“The outgoing year saw Russian sports ending up caught between the grinding wheels of the geopolitical standoff with the West.
“Starting in March, national pro athletes were consistently deprived of their right to participate in international tournaments, and no one was spared, not even the top stars of the sports world. The Olympic Movement has throttled their careers while turning a blind eye to its own declarations on the inadmissibility of discrimination based on nationality.”
That’s the opening of a long commentary from the Russian TASS news agency, which reviewed the difficult year for Russian athletes, removed from international competition following Russia’s invasion of Ukraine. The comment also had some other, interesting points:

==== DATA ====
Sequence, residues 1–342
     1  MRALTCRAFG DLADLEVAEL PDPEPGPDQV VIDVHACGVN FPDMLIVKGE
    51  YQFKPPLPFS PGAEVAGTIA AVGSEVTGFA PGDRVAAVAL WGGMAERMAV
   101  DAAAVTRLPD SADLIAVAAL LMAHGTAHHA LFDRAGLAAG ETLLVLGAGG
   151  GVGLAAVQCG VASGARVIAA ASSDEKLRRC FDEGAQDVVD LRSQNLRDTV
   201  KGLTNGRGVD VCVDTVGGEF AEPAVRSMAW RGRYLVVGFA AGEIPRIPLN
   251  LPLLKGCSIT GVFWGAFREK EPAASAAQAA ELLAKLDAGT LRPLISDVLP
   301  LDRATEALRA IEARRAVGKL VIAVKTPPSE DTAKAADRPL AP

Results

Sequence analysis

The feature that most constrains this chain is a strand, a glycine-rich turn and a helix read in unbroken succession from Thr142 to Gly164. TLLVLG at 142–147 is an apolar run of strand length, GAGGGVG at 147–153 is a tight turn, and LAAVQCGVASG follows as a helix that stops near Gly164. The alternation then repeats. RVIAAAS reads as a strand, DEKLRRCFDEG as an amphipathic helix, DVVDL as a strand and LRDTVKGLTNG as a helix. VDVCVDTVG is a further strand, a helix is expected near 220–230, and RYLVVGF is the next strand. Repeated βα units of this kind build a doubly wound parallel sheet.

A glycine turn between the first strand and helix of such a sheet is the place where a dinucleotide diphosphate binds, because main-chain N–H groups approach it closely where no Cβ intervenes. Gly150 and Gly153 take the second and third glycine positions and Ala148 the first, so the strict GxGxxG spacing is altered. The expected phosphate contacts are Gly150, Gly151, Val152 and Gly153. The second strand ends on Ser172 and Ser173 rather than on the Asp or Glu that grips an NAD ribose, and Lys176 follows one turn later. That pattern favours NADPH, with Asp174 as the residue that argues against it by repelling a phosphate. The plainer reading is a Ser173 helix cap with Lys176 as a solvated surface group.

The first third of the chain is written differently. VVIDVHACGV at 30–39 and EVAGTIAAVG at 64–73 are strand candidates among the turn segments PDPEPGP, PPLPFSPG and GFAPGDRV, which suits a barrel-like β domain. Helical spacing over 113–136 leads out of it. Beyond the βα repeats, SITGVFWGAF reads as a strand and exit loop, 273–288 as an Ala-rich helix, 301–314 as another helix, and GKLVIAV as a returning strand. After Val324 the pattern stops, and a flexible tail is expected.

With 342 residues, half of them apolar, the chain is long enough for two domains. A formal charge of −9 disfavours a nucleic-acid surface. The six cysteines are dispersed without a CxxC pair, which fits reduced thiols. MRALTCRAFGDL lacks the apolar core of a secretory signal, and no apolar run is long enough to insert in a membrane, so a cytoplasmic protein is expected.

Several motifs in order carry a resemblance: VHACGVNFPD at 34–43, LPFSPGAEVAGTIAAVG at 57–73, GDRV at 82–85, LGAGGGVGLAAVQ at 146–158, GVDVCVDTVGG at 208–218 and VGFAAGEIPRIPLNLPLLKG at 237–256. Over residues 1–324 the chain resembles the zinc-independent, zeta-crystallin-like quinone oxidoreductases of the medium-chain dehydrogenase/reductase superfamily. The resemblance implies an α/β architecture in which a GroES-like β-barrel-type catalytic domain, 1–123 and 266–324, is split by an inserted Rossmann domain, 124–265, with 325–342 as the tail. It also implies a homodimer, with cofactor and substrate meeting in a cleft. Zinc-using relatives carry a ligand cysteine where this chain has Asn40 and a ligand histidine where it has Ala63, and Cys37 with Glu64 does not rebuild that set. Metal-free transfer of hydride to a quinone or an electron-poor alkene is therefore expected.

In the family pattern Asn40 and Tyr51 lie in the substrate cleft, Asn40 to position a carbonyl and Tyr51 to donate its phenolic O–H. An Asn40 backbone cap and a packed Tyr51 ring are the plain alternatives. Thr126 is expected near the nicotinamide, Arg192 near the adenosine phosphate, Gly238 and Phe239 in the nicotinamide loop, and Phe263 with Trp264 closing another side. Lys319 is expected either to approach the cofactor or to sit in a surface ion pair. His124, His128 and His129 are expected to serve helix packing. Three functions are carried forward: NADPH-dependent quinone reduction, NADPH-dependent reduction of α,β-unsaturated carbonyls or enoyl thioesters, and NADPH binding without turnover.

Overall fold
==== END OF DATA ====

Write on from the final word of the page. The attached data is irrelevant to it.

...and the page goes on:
● “Russia’s executive sports management has no plans of pursuing a policy of isolation or to publicly boycott the Olympic Games.”
● “The owner of the rights to the Olympic Games [IOC] is in control of the majority of sports federations and they risk ceasing to exist without its financial support.”
● “While carrying on a balancing act between promoting Olympic values and gaining commercial benefits, the IOC came up with an original interpretation on the need to suspend athletes from Russia and Belarus. It issued a recommendation, which in fact turned out to be obligatory for many international federations, calling for imposing ‘protective measures’ regarding these countries’ athletes.”